Thursday, June 24, 2010

A ladder and a rose...

My husband brought the rickety looking wooden ladder from the shed and placed it against the side of the house where it extended several feet above the roof. He had purchased this particular ladder at a yard sale for a pittance several years ago. He just couldn’t resist the old relic. Now, he ran his fingers over the weathered old rungs where the endless march of feet scaling the ladder had worn grooves into the rungs. He looked at me, already knowing my thoughts.

“Well, honey, just think of all the people who have climbed this ladder, attained new heights, and worked hard to keep things in good repair.” He cocked his head to one side, waiting for my reply.

“Ummm,” I said, not very impressed with his estimation of the old ladder.

“Well,” he mused with his ‘benefit of the doubt’ voice, “I can climb on the roof and do that much-needed repair I’ve been putting off—you know, the one over by the chimney? Didn’t I tell you this ladder would come in handy sometime down the road? Besides,” he continued as he shook the ancient ladder that wobbled precariously while he tested it for durability, “this repair has to be done.”

“Why don’t you use your good ladder?” I queried.

“Because ‘someone’ borrowed my good ladder and didn’t return it…as usual,” he said frowning. “This one will have to do.” He gave the ladder a few more vigorous shakes, propped it against the house at a better angle, then looked at me rather sheepishly. “Will you hold the ladder for me?” he asked.

I surveyed the situation dubiously and said, “Looks kinda dangerous to me,” I commented. “Maybe you should wait until your good ladder finds its way home.”

“I can’t wait,” he said glancing at the sky where dark clouds were gathering on the western horizon. “It’s supposed to rain for the next two days. I really need to get this job done before we spring a major leak.”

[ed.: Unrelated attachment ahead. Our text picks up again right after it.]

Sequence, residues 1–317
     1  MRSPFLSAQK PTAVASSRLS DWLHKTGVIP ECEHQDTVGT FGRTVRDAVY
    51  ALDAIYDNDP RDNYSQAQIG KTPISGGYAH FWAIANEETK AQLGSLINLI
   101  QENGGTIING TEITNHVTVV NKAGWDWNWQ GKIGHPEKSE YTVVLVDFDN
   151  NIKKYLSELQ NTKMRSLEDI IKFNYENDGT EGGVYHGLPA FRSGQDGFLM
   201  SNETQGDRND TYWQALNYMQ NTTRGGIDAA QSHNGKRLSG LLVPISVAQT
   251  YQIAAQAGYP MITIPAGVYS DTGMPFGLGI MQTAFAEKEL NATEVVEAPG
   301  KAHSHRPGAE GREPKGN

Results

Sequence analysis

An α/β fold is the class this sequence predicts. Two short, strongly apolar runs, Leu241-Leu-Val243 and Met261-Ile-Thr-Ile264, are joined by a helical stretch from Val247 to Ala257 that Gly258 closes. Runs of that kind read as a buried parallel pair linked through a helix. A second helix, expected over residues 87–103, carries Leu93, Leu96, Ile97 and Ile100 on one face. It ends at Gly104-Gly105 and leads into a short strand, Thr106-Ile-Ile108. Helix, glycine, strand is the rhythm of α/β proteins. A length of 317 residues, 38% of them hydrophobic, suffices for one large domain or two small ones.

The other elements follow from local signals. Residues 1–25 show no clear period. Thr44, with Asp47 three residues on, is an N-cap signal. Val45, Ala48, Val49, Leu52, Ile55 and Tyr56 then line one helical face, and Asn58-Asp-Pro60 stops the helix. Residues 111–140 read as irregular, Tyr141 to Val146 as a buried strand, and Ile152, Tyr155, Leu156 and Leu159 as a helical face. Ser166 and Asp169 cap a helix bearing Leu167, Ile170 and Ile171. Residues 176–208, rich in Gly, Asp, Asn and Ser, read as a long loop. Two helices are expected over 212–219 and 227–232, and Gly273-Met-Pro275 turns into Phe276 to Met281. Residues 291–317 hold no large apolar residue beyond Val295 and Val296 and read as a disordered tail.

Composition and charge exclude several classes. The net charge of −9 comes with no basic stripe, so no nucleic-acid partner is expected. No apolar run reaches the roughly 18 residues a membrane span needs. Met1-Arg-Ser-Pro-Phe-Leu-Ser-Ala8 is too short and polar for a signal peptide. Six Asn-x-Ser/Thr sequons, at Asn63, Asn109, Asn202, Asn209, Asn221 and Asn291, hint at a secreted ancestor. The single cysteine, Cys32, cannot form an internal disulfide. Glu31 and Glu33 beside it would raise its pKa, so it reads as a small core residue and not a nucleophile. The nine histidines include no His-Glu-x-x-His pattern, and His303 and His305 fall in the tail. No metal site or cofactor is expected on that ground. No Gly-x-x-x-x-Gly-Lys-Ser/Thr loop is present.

“Oh, all right then,” I said with a sigh, “I’ll hold this pathetic ladder, but please, whatever you do—don’t fall—please! There’s no way I can catch you.”

Carefully, he mounted the steps of the ladder, testing each rung carefully as he went. I grasped the sides of the ladder, holding it steady as he climbed, my heart thumping in my chest, breathing a prayer and releasing a sigh of relief when each rung held fast.

Once on the roof, he made his way across the shingles without incident and climbed to the rooftop where the chimney met the peak. He retrieved several shingles from his tool pouch and before very long, I head him whistling and working away with hammer and nails and roofing tar.

I brought a lawn chair and sat near the rose covered trellis that meandered up the southern wall of the house. It was a lovely heirloom climbing rose and the arbor afforded a wonderful place to wait until my husband finished his job and needed me to hold the ladder again. I could smell the pungent odor of roses as they wafted on the summer breeze. The sky along the western horizon was growing dark and ominous with rolling purple clouds. My husband was right—a storm was brewing.

From the edge of the roof, he called my name, and I took up my position as chief ladder holder as he began descending the ladder. He paused just above the roofline and reached for a particularly large and brilliant yellow rose, which he deftly cut off with his pocketknife. When he was safely on terra firma again, he handed the rose to me, a misty look forming in his green eyes.

“For you, my love,” he said simply, lifting my free hand to his lips. “For all those times you’ve held the ladder steady in my life—when things felt shaky and I trembled under the load, you were always there, holding the ladder firm, making sure we were safe—making sure the sheep were safe. Thank you for always being there.”

A mist rise to my own eyes. “I only held the ladder, that’s all.”

“No, it’s more than that. It’s much, much more,” he answered. “When I am up there at the top, exposed and vulnerable to the elements and to my enemies, and everyone’s eyes are upon me, it is comforting to know you are there, holding me steady, holding that wobbly, shaky ladder. I could not do this alone, not without you.”

Squeezing his hand, I recalled the many times I had complained of my unromantic, purely functional role as the chief ladder holder; the one who must keep everything together, everything safe, endeavoring to make things work and run smoothly, always holding the present project steady and on time. Just now, the gift of this one solitary beautiful rose, a token of his genuine appreciation, touched my heart. The analogy spoke volumes to me. After that, holding the ladder for him became more than just a duty, it was a special place of responsibility that was generated by my love for him, for the Great Shepherd, and for the sheep. I remember it often, and as time goes by, or when life becomes difficult, I remember the ladder…and I can still smell the rose. ~~

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